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‘Strong case’ to hit pause on choice performance test: Chant West


The performance test as it stands isn’t “fit for purpose” when it comes to choice products. And its bright line nature means tweaks are needed for MySuper products too.

While the MySuper performance test dispatched a mere 13 funds, the outcomes for choice products could be even worse, according to analysis from ratings house Chant West. But the current performance test is not “fit for purpose” and there’s a “strong case” for Treasury to hit pause before it’s applied to choice products.

“It’s not about the benchmarks; it’s about having one number over one period to determine whether a fund passes or fails,” says Ian Fryer, general manager at Chant West. “In MySuper, where the variation of options is more narrow, that’s sort of reasonable.”

“There’s real issues with the MySuper performance test, but when you look at choice, where there’s a much wider range of investments, it just becomes much harder. Choice options are trying to achieve a much wider range of objectives, and saying “We’re going to have one way of measuring every choice product” is going to be ill-suited to many of those… We can’t think that measuring every option in the market is going to be valid with just one way of measuring it.”

Socially responsible options, real return portfolios and conservative portfolios with low duration/defensive alternatives are “ill-suited” to assessment using the standard benchmarks. A performance test for choice products should include a range of different metrics, Fryer says, including the current performance test applied over five, seven, and eight-year periods; risk-adjusted returns over various periods; and an administration fees metric (among potential others). That would tell “a much more well-rounded story” about how an option has performed.

While that wouldn’t create a bright line result that could be easily communicated to members, APRA could then assess the outcomes of options that have still missed on a majority of those metrics; for example, hearing the case of an SRI option for which the benchmarks against which it’s measured simply aren’t relevant.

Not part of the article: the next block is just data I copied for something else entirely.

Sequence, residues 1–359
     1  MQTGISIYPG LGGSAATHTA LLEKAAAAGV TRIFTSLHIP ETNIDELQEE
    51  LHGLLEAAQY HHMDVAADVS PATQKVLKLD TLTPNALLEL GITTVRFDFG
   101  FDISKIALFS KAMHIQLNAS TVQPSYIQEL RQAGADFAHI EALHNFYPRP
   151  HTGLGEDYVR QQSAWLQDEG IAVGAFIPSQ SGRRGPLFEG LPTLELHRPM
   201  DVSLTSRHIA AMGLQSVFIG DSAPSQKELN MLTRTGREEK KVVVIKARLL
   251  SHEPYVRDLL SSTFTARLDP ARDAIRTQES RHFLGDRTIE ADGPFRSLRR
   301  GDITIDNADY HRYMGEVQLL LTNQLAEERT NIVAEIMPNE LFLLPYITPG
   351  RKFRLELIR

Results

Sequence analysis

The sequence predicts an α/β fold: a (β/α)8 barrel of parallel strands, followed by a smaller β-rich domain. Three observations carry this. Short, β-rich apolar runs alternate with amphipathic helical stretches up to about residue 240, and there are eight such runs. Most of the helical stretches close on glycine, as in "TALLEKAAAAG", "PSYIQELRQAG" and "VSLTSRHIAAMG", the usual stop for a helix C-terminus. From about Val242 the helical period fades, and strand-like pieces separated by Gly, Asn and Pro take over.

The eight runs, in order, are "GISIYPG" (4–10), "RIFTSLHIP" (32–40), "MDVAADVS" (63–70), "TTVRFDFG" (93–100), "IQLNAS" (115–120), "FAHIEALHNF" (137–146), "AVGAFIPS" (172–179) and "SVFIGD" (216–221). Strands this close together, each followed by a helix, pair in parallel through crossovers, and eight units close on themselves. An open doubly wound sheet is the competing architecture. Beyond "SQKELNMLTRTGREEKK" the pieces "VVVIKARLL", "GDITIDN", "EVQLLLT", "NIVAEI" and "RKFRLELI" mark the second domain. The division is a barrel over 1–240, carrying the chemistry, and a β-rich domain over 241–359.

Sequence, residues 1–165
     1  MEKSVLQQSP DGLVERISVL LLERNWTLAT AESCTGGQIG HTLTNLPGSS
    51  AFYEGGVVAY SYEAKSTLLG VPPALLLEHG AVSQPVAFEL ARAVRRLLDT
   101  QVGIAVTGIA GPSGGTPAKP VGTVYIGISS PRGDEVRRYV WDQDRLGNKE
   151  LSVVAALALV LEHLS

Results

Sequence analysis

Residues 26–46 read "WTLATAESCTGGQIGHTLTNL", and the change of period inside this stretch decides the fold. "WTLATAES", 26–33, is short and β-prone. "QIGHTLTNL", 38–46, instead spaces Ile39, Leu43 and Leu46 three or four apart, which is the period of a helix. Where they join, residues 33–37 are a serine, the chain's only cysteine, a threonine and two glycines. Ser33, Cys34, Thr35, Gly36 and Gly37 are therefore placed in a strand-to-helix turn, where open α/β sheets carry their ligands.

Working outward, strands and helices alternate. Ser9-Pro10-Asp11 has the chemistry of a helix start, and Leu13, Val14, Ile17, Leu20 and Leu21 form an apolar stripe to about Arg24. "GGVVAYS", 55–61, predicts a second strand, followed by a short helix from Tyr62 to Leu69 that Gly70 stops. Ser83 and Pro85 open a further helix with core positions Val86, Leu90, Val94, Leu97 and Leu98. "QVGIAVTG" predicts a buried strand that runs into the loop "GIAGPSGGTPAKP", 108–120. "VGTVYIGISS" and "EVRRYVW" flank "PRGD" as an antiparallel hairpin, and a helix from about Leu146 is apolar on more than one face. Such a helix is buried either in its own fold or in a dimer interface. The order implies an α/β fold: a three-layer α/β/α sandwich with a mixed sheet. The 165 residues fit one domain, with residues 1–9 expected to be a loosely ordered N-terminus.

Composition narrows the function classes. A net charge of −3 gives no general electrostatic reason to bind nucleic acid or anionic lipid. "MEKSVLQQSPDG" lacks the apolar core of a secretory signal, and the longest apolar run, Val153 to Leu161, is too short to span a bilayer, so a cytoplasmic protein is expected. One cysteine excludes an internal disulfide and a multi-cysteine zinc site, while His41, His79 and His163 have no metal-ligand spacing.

It would need to be a “pretty high bar”, Fryer says, and Treasury should clearly outline the parameters of APRA’s review “to provide it with the necessary powers to conduct its review role with appropriate clarity and authority”. If a fund has just performed poorly or has high fees, it should fail the test and be required to issue letters to members.

“There needs to be clear reasons,” Fryer says. “There’s a governance process that needs to be worked out there.”

Another complication of applying the current performance test to choice is that some funds will have options that pass and others that fail even though they’re guided by the same investment process. Conservative and high growth options will be more likely to fail the test; options in the middle of the risk spectrum are less likely to fail. That might only compound the confusion of members, who will receive a letter saying some of their options have failed while other passed, “even though it’s the same team managing the money.”

In MySuper world, the performance test is still producing one number that doesn’t tell the whole story; failing to measure the main driver of performance, asset allocation, while not factoring in positive changes that funds might have made to their investment models over the eight years to enhance member investment outcomes and future performance. Still, Chant West anticipates “very few funds that passed the test last year will fall foul of the test this year.”

“While the legislated benchmarks are appropriate for many funds, they’re not appropriate for some funds as they don’t account for subtle but important differences in how funds invest,” the Chant West report says. “These differences include the wide range of alternative assets used by funds, ESG issues, lower fixed interest duration and various downside protection mechanisms.”

“Some funds failed the first performance test because of poor performance or high fees but others failed because their investment strategy didn’t align well with the structure of the test. Despite all this, we expect it’s too late to change the nature of the MySuper performance test and that it needs to run its course, at least for this year, perhaps with some tweaks to benchmarks.”

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